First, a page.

Carbon finance could mean billions for Indonesia
November 5, 2006
The initiative, put forth a year ago by a coalition that now includes 15 developing countries, calls for compensation from industrialized nations in exchange for rainforest conservation. The plan relies on the concept of "avoided deforestation" whereby developing countries are paid to prevent deforestation that would otherwise occur. The principal is based on the carbon storage capabilities of tropical forests: when trees are cut and burned, carbon is released into the atmosphere contributing to global warming. Indonesia is the world's largest producer of greenhouse gases that result from forest clearing. Worldwide about 20 percent of greenhouse gas emissions are produced by deforestation. By preventing deforestation, developing countries can effectively cut emissions of heat-trapping gases. These "carbon credits" can be exchanged with industrialized countries for cash.
Carbon finance has recently won endorsement from the U.N., the World Bank, and the United States. Policymakers and environmentalists alike find the idea attractive because it could help fight climate change at a low cost while improving living standards for some of the world's poorest people and preserving biodiversity and other ecosystem services.
Mongabay.com analysis of U.N. deforestation data suggests that an avoided deforestation initiative could be worth $375 million to $5.614 billion per year to Indonesia, depending on how much deforestation it could "avoid" and the market price for carbon offsets.
Between 2000 and 2005 Indonesia lost an average of 1.87 million hectares of forest per year -- the second highest amount of forest loss after Brazil -- according to figures from the Food and Agriculture Organization of the United Nations (FAO). How much carbon does this represent? At the low end, FAO estimates that each hectare of Indonesian forest stores an average of 50 metric tons of carbon in above-ground biomass (more exists in below-ground biomass, dead wood, vegetation litter, and soil) that would be otherwise released by deforestation and subsequent land conversion for agriculture or pasture. Other research suggests that net carbon released from deforestation of secondary and primary tropical forest, allowing for the carbon fixed by subsequent land use, is of the order of 100-200 metric tons per hectare. So deforestation in Indonesia releases on the order of 50-150 metric tons of carbon for each hectare of cleared or converted for agriculture. As such, Indonesia's annual deforestation rate of 1.87 million hectares may produce 94-281 million tons (megatons) of carbon emissions per year.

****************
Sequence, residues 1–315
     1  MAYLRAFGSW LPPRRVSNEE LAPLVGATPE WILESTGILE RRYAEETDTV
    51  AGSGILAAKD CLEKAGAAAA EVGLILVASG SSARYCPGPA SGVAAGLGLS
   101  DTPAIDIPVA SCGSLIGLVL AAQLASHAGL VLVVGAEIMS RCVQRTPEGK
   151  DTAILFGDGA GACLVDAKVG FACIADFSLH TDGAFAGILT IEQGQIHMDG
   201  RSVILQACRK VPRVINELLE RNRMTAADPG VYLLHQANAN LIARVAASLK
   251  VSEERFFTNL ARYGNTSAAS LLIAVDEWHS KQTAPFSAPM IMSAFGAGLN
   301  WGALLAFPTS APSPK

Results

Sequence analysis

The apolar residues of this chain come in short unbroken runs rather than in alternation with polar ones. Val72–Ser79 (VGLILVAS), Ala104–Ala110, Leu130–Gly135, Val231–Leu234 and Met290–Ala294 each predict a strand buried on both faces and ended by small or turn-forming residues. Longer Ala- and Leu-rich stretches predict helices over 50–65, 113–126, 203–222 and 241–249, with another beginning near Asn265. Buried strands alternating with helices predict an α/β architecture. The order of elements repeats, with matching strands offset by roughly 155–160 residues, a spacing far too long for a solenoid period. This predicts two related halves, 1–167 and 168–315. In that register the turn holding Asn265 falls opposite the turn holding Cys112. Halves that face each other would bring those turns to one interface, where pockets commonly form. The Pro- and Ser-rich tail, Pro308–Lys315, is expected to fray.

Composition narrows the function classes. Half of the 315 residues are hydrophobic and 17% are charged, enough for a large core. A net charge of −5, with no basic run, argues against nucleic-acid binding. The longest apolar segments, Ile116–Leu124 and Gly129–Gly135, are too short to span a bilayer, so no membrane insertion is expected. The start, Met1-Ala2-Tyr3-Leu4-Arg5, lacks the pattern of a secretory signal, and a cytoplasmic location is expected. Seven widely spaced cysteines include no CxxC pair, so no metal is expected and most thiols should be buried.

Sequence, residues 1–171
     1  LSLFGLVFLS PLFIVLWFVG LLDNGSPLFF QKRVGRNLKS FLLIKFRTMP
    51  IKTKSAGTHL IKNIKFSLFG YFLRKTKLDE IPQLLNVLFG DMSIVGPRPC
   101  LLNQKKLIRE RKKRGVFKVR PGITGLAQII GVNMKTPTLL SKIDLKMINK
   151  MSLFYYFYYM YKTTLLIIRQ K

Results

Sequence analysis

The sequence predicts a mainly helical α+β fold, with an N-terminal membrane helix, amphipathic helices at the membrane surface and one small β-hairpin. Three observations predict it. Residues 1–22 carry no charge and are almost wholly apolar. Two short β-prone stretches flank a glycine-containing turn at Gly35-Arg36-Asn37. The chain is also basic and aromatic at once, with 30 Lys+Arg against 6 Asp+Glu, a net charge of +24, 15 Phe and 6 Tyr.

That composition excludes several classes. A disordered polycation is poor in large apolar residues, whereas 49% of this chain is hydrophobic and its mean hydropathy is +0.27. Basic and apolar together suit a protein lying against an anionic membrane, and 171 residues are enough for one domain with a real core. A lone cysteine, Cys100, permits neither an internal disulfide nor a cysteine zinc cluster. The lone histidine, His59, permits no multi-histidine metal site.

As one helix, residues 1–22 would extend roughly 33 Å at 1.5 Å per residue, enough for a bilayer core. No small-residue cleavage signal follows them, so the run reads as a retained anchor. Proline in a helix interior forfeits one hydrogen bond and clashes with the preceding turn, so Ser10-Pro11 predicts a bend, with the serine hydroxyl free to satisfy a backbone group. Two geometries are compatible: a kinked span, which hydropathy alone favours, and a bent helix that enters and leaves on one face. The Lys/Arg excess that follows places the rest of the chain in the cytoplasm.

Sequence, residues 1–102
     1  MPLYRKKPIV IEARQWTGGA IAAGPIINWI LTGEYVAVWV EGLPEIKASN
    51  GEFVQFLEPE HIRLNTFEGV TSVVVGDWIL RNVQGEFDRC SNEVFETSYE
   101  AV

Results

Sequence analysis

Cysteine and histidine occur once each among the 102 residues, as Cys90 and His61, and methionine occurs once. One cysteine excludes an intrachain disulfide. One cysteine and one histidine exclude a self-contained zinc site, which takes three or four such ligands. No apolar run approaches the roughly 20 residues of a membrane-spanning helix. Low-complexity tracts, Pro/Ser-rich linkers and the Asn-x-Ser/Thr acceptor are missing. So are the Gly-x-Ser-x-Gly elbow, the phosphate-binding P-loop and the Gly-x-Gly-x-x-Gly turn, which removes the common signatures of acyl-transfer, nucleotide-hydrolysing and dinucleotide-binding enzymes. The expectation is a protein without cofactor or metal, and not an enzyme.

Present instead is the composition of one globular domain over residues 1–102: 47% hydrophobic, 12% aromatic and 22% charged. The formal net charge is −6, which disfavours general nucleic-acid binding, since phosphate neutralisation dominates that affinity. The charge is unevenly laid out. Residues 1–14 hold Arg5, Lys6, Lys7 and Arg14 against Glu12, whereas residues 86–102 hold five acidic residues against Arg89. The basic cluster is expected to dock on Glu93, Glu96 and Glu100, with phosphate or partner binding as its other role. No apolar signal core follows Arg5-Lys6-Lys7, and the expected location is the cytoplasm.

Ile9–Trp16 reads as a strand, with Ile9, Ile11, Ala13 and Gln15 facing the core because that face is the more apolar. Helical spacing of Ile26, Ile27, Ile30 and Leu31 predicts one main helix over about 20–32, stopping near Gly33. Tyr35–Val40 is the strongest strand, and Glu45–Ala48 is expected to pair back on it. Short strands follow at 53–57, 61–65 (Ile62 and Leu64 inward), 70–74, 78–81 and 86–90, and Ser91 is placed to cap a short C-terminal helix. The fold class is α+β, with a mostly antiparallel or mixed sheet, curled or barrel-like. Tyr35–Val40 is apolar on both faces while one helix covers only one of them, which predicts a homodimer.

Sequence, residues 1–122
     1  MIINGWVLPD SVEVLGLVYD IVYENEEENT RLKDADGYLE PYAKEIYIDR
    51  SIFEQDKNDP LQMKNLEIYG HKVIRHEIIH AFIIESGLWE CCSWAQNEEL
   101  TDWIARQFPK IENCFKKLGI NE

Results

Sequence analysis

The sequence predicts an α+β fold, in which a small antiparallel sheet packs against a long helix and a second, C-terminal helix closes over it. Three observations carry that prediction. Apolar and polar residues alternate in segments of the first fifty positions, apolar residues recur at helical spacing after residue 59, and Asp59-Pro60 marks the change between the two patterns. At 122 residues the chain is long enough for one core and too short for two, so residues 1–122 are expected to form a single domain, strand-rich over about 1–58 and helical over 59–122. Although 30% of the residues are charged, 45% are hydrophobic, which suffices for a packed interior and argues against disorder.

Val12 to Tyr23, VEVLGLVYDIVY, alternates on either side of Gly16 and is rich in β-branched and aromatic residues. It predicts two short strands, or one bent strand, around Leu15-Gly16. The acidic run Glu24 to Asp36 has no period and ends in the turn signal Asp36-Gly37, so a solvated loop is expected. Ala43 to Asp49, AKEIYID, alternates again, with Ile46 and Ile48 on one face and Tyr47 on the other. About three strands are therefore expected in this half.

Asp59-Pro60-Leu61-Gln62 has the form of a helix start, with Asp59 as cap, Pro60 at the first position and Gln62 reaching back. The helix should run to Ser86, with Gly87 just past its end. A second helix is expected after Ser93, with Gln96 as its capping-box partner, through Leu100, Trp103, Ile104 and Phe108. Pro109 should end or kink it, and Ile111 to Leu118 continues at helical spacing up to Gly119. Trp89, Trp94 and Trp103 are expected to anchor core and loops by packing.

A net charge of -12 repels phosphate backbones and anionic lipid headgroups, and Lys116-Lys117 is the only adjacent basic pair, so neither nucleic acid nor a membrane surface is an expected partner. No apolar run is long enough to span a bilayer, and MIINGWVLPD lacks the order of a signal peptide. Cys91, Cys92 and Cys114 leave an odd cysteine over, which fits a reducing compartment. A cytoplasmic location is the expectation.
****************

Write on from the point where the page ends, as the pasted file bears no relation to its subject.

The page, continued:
Assuming a market rate of $4 per metric ton of carbon dioxide -- the current trading price of CCX Carbon Financial Instrument contracts on the Chicago Climate Exchange, but higher in Europe -- Indonesia's avoided deforestation could be worth at minimum $374 million - $1.123 billion per year, using a simplified model for calculating carbon values. At the higher end, using studies that show "carbon damage" is closer to $20 per ton, avoided deforestation could be valued from $1.871-5.614 billion per year. Of course determining what constitutes "avoided deforestation" is a matter of definitions but nonetheless funds from avoided deforestation could make an important economic contribution.
What is the opportunity cost to Indonesia of reducing its deforestation rate? Well, this is a bit more difficult to calculate but a recent World Bank study said that land worth $200-500 per hectare as pasture could be worth $1,500-$10,000 if left as intact forest and used to offset carbon emissions from industrialized countries. Using this figure, avoided deforestation could be a net economic benefit to Indonesia in addition to the ecological payoffs afforded by leaving forest intact.
This paper is based on an earlier mongabay.com article: Avoided deforestation could help fight third world poverty under global warming pact
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